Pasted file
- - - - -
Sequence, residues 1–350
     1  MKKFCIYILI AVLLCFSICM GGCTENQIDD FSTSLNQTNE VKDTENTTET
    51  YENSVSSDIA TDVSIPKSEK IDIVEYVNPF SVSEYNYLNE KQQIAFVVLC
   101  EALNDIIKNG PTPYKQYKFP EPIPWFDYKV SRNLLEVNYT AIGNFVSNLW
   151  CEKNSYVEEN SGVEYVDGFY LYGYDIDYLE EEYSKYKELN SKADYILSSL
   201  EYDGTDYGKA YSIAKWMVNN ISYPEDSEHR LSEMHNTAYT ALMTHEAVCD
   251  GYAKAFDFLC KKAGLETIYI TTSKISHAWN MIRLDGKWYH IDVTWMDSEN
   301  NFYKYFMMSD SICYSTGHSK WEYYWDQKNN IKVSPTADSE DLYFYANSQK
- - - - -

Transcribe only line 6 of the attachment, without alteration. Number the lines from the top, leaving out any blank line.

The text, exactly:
   201  EYDGTDYGKA YSIAKWMVNN ISYPEDSEHR LSEMHNTAYT ALMTHEAVCD